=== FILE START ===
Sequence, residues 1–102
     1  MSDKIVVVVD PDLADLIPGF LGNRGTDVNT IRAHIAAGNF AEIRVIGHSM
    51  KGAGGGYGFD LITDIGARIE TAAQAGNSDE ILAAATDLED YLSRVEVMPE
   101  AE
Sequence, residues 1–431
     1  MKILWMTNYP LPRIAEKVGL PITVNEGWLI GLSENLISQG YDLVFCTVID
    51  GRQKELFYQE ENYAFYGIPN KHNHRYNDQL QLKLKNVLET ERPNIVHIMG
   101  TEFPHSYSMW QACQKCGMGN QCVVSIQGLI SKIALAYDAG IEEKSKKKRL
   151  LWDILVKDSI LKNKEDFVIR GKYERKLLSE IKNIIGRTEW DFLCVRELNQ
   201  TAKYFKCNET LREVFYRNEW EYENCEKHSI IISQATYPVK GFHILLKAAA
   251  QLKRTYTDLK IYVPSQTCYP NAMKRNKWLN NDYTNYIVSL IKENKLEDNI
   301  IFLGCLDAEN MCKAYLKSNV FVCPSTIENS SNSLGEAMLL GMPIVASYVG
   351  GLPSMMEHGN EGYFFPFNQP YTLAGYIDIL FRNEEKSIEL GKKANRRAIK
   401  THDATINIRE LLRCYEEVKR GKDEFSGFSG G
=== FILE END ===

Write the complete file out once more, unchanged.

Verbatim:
Sequence, residues 1–102
     1  MSDKIVVVVD PDLADLIPGF LGNRGTDVNT IRAHIAAGNF AEIRVIGHSM
    51  KGAGGGYGFD LITDIGARIE TAAQAGNSDE ILAAATDLED YLSRVEVMPE
   101  AE
Sequence, residues 1–431
     1  MKILWMTNYP LPRIAEKVGL PITVNEGWLI GLSENLISQG YDLVFCTVID
    51  GRQKELFYQE ENYAFYGIPN KHNHRYNDQL QLKLKNVLET ERPNIVHIMG
   101  TEFPHSYSMW QACQKCGMGN QCVVSIQGLI SKIALAYDAG IEEKSKKKRL
   151  LWDILVKDSI LKNKEDFVIR GKYERKLLSE IKNIIGRTEW DFLCVRELNQ
   201  TAKYFKCNET LREVFYRNEW EYENCEKHSI IISQATYPVK GFHILLKAAA
   251  QLKRTYTDLK IYVPSQTCYP NAMKRNKWLN NDYTNYIVSL IKENKLEDNI
   301  IFLGCLDAEN MCKAYLKSNV FVCPSTIENS SNSLGEAMLL GMPIVASYVG
   351  GLPSMMEHGN EGYFFPFNQP YTLAGYIDIL FRNEEKSIEL GKKANRRAIK
   401  THDATINIRE LLRCYEEVKR GKDEFSGFSG G